The Chinese built bridge to nowhere near Dandong, China and Sinuiju, North Korea. Image: Wikicommons.

Even South Korea’s plan to build a rail link between the small towns of Jian, China and Manpo, North Korea has an unhappy precedent. China paid for a road crossing in 2012. It was 2016 before the North Koreans allowed the first vehicles to cross.

If South Korea is to enjoy any success with transport projects in North Korea, it will almost certainly need to think smaller. North Korea has always preferred to use special economic zones when dealing with outside investment. The Rason Special Economic zone in North Korea’s north-east is the richest province in the country. China build a road into the region, which is served by regular buses from several Chinese towns, and Russian Railways operated a freight railway to the zone’s ports until it was closed by sanctions. There are also plans to build a road bridge from Russia.

The South Koreans themselves have had some moderate success with infrastructure project in North Korea in the past. The country operated freight trains into the Kaesong Industrial Park until it closed in 2016. Another joint project that could be re-opened would be the Guemgangsan tourist resort – closed after a North Korean soldier murdered a South Korean tourist 2008 – which was served by coaches from the south.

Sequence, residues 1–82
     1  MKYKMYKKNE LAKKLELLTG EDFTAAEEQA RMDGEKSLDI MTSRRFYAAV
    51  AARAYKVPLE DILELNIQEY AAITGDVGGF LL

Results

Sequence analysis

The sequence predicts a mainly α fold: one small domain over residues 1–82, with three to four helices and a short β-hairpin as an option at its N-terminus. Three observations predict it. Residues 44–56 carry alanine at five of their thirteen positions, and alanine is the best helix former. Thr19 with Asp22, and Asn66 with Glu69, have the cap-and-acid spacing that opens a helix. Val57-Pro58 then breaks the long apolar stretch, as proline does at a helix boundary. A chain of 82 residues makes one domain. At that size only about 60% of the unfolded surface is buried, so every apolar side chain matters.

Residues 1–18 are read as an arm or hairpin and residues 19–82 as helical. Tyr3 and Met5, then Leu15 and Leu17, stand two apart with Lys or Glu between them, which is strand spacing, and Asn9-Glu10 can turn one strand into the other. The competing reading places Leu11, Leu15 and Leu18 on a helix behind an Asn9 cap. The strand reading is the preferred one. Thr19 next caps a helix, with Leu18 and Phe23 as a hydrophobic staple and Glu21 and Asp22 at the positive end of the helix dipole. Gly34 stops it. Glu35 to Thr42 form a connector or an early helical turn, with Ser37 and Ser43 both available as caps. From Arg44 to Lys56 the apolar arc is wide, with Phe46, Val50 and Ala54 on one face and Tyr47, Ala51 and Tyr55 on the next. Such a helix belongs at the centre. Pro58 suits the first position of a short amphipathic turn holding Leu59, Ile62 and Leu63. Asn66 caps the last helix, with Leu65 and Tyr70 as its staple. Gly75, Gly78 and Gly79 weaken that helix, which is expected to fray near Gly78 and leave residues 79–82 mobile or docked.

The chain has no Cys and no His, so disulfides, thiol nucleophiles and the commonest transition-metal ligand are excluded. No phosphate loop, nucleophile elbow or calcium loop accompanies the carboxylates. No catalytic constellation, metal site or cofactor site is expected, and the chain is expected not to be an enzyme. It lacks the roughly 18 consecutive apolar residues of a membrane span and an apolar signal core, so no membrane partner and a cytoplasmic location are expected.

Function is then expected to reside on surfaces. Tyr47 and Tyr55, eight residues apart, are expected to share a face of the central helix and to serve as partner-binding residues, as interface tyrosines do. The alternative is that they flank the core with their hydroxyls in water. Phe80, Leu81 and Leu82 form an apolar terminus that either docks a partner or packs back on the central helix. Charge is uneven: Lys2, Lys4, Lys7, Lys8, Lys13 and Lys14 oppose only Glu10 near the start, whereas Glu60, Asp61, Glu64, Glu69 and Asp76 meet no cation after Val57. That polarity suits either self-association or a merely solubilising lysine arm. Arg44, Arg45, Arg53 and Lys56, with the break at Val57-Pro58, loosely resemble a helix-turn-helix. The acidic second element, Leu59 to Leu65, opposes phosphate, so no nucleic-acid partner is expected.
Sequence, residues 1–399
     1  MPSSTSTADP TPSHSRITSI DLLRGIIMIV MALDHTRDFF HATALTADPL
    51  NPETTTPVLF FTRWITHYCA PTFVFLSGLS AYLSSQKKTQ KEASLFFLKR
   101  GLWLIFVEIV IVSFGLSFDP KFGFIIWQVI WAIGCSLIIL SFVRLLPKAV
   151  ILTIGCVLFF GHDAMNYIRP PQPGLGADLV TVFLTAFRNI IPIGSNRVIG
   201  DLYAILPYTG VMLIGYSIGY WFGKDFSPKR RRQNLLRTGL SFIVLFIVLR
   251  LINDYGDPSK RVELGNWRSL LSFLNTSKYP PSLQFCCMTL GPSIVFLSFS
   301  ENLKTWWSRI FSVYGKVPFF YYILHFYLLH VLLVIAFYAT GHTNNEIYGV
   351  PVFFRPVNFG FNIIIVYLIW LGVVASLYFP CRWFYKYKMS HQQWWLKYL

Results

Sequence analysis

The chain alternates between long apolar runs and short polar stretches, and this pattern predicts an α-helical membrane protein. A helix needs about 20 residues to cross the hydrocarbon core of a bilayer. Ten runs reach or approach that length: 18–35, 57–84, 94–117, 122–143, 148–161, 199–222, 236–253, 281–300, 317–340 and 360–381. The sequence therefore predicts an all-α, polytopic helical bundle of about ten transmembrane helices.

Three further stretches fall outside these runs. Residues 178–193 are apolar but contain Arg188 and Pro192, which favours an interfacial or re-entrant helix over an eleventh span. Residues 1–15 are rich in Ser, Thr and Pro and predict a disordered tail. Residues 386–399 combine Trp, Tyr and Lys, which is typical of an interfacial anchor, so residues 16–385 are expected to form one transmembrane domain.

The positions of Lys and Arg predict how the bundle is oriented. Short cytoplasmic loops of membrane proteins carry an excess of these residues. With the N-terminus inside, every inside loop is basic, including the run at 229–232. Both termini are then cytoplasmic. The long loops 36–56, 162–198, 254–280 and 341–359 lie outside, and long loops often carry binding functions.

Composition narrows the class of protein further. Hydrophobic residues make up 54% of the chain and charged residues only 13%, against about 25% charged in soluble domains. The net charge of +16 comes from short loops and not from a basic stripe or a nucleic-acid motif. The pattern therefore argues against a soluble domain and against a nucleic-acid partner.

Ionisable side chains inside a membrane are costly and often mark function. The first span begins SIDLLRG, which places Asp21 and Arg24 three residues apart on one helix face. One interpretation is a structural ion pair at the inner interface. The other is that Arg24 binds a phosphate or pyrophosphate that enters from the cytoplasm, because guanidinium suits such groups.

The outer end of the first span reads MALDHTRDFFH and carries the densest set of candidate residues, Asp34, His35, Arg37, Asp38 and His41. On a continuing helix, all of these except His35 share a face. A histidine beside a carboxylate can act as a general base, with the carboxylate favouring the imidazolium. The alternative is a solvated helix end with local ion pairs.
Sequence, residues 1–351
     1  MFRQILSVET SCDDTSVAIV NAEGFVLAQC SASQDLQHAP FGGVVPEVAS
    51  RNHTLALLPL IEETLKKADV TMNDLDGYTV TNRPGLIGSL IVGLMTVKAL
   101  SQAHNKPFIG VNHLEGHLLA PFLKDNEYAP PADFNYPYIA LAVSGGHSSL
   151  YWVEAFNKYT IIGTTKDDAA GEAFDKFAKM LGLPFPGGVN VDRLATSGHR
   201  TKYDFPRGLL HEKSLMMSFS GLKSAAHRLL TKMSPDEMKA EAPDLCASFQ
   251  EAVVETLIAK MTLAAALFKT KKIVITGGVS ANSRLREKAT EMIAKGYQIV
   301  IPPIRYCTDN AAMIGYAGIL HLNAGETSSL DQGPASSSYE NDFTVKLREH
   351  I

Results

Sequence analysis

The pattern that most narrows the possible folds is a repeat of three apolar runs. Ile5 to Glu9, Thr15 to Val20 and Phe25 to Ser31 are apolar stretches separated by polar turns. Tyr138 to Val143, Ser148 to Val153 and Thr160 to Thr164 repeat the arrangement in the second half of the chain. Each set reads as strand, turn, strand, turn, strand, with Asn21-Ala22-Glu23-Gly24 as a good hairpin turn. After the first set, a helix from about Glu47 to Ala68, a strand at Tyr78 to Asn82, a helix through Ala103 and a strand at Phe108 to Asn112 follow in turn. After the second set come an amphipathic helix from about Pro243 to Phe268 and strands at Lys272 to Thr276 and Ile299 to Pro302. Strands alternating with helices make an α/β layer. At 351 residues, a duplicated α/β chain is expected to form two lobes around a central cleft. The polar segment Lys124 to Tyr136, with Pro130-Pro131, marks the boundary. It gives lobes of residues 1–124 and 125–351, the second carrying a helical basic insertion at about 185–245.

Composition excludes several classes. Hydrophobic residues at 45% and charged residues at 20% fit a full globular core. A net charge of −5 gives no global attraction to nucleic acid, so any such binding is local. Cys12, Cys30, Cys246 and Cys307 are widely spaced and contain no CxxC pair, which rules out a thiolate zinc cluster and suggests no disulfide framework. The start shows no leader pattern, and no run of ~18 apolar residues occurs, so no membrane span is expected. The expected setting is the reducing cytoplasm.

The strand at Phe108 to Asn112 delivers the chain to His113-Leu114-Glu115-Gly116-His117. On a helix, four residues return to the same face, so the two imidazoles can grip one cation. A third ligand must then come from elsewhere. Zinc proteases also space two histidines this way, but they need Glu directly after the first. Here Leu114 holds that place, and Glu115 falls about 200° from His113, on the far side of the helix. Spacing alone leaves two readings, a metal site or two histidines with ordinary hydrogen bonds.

A good initial step might be a scheduled flight from South Korea to Wonsan.  Kim Jong Un has been keen to promote Wonsan as a tourist destination and has built an international standard airport there at great expense, though it appeared to receive only one flight in the last three years, until foreign journalists landed there on their way to witness the dismantling of the Pyunggye-ri nuclear test site.

Economic engagement with North Korea proceeds at a pace of North Korea’s choosing, and transport is no different. Which means it will be a long time until trains run from Seoul to Pyongyang.

Michael Hill also writes the Korea Elections blog.

 
 
 
 

Free public transport won’t work – unless we get rid of the drivers

Gissa lift mate. Image: Fraser Elliott/creative commons.

The idea of free public transport has clear appeal. Cities in France; and Germany; are already considering such proposals, to reduce traffic and air pollution. And in the UK, Labour party leader Jeremy Corbyn declared that he would introduce free bus travel for under-25s, to complement the passes already available to senior citizens.

But the evidence suggests that offering free public transport causes headaches for local authorities – and may not be an effective way of getting commuters to stop driving cars. Tallinn, capital of Estonia, introduced free public transport for residents in 2013. But a 2014 survey showed that most of the people who switched to public transport had previously walked or cycled, rather than driven. A further survey in 2017 showed that patronage had increased by only 20 per cent over four years.

The April 2018 edition of German trade publication Stadtverkehr claims that the only cost effective way to get car drivers to switch to public transport is to couple reasonably priced transit with severe traffic restraints. For example, in the English city of Sheffield, attractive bus fares and timetables used to keep cars out of the city centre. From the 1970s, until the service was deregulated in 1986, there was simply no need for residents to drive into Sheffield.

Finding the funds